You Will Meet A Tall Dark Stranger Considering Woody Allen, 74, makes a film a year, the question to be asked is not why so many of his movies are uneven, but why so many are to be treasured. Even in this past decade, there's been Vicki Cristina Barcelona (2008), Match Point (2005), Hollywood Ending (2002), and Small Time Crooks (2000). Although none achieve the magic, wit, or depth of Crimes and Misdemeanors (1989), The Purple Rose of Cairo (1985), or Annie Hall (1977), they all are embraceable entertainments, worthy of numerous viewings.
Would it be a better musical experience if when Gene Kelly splashed about in Singin' in the Rain, you saw each drop of water bouncing towards you? Or if while viewing Week-End in Havana, you felt you could pluck a berry from Carmen Miranda's turban? And what if it seemed you could almost look up Julie Andrews' skirt as she twirled about the hills that were alive with music?
Step Up 3D, with its relentless kaleidoscopic imagery, begs these questions as its youthful dancers burst off the screen in a nonstop bustle of gymnastic twirls, head spins, and rock 'em-sock 'em gesturing. With the slightest of storylines, even less character development, numerous actors who wouldn't be out of place in the C-movies of the 1950s, and choreography that's more Olympian than Fosse-esque, the third dimension supplied here often seems more gimmicky than artful.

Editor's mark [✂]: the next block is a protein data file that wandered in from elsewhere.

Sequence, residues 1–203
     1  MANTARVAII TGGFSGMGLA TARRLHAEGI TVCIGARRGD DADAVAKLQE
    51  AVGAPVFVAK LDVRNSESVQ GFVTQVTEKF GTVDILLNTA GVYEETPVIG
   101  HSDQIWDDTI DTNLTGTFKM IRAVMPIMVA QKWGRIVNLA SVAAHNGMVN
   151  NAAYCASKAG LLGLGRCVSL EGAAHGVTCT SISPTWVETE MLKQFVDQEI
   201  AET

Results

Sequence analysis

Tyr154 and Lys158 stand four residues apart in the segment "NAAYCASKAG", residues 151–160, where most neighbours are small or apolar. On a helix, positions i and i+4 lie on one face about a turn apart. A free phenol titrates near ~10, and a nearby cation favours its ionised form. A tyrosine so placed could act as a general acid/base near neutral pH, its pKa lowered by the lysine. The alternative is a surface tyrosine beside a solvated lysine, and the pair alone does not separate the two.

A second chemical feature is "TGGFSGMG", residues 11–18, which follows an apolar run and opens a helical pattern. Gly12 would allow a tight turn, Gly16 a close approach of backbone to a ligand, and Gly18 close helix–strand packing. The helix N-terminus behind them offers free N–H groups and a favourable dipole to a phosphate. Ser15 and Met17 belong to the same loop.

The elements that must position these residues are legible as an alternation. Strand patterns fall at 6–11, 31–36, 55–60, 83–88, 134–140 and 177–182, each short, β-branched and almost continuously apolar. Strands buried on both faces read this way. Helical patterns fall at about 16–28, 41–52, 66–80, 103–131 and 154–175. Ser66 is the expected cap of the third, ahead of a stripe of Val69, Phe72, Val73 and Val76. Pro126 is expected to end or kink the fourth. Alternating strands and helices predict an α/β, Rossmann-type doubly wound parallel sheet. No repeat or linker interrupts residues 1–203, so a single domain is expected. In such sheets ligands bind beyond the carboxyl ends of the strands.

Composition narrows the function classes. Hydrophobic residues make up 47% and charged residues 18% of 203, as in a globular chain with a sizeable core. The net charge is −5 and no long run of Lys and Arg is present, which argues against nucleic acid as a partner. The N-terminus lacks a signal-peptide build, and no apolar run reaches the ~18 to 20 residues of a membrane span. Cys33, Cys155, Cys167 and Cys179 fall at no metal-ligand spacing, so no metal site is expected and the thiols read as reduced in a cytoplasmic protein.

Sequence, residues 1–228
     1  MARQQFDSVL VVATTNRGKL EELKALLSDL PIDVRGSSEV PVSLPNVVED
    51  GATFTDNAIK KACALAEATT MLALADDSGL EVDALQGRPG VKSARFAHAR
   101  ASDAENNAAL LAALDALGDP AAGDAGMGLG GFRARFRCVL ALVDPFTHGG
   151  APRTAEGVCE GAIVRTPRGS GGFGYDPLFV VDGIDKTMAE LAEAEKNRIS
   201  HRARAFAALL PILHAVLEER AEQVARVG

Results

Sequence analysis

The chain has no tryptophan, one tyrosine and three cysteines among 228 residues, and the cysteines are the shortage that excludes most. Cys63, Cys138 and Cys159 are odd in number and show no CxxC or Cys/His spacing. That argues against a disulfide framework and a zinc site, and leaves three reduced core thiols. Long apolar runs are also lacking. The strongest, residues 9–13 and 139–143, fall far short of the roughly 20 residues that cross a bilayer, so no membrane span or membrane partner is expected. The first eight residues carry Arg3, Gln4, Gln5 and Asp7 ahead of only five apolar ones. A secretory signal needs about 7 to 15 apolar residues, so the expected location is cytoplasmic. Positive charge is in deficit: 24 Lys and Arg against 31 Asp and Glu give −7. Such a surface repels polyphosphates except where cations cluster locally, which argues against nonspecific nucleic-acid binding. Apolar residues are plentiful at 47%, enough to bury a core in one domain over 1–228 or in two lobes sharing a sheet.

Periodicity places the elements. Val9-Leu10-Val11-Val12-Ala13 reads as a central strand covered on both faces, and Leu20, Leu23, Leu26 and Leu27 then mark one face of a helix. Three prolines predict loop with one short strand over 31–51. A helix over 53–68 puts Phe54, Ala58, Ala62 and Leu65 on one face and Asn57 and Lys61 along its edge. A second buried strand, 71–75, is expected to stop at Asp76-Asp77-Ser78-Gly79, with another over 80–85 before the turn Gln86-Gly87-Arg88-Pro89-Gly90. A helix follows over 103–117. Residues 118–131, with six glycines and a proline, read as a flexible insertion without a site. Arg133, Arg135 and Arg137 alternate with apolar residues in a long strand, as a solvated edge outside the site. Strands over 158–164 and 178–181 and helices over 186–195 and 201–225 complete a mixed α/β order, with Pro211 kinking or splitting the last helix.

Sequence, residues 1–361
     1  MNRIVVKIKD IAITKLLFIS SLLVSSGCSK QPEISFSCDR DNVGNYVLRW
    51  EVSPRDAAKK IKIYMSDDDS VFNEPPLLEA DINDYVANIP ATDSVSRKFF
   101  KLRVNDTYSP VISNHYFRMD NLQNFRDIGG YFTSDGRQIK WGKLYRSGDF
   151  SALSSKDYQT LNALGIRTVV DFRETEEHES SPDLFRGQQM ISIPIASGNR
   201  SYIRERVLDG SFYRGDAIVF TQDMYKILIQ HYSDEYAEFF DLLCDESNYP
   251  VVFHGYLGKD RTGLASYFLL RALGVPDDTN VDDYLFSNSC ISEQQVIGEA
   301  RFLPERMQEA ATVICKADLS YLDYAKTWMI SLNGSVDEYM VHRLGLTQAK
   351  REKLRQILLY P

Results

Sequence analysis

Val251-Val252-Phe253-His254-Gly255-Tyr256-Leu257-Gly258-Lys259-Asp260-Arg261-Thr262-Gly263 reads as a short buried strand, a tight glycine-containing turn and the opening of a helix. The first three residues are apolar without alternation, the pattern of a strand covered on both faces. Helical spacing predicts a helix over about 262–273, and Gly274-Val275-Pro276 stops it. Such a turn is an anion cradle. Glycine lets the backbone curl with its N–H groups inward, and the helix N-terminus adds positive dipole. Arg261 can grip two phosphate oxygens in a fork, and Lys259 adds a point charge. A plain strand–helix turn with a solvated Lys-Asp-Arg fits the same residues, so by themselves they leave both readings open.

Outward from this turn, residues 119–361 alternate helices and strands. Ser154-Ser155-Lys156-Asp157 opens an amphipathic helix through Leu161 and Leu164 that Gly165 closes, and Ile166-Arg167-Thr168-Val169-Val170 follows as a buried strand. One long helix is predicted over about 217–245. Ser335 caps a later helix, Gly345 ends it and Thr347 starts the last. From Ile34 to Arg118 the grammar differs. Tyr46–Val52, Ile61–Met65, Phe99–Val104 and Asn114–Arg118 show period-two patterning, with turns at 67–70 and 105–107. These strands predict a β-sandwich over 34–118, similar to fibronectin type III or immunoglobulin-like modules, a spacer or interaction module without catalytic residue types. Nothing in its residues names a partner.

True love seldom runs smoothly, especially in Denmark. Just ask Hamlet. And in Nicolo Donato's discerning Brotherhood, an exploration of the rebirth of the Danish National Socialist Movement, romance has an especially difficult path to tread.
The film begins late at night by a water tower. A gent in a hoodie is wooing a young homosexual man, who quickly discovers, when his pants are down, that he's been set up to be brutally attacked by a group of neo-Nazi thugs.
Dear Reader, I regretfully must inform you that Christopher Nolan's bombastic Inception has enough startling footage with which to edit 30 exquisitely enticing trailers, but not enough to compose one comprehensible movie from.
So what is the most anticipated film of the summer like? If you recall the scene in Dahmer (2002) where Jeremy Renner as the deranged killer drills holes into his victims' heads, you'll know what watching this Freudian claptrap of a thriller is like.
Adrian Brody as an action hero? Yup. The Pianist who survived King Kong only to become Rickity the Field Mouse in The Fantastic Mr. Fox does a star turn here as the mercenary Royce. Especially when Mr. Brody starts running about bare-chested near the finale -- you'll want to applaud his exquisitely chiseled torso. Sadly, a six-pack does not a movie make.
This latest in the Predator enterprise (begun in 1987 with Arnold Schwarzenegger when he still had hero status) is barely a film. An unimaginative plot line, a stilted script, nil character development, and paltry special effects add up to . . . . Well, they don’t add up to much.
An early realization of my intellectual inferiority occurred sitting in a San Francisco revival house in the '70s. There, perched on an achingly springy seat, I was unable to comprehend, let alone sit through, Alain Resnais's Last Year at Marienbad (1961).
I have always promised to give myself a second viewing of this groundbreaking, nonlinear classic, even though some critics like David Thomson argue against such an action, citing the film's "enervating High Vogue solemnity" and Resnais's inability "to make a communicative contact with audiences."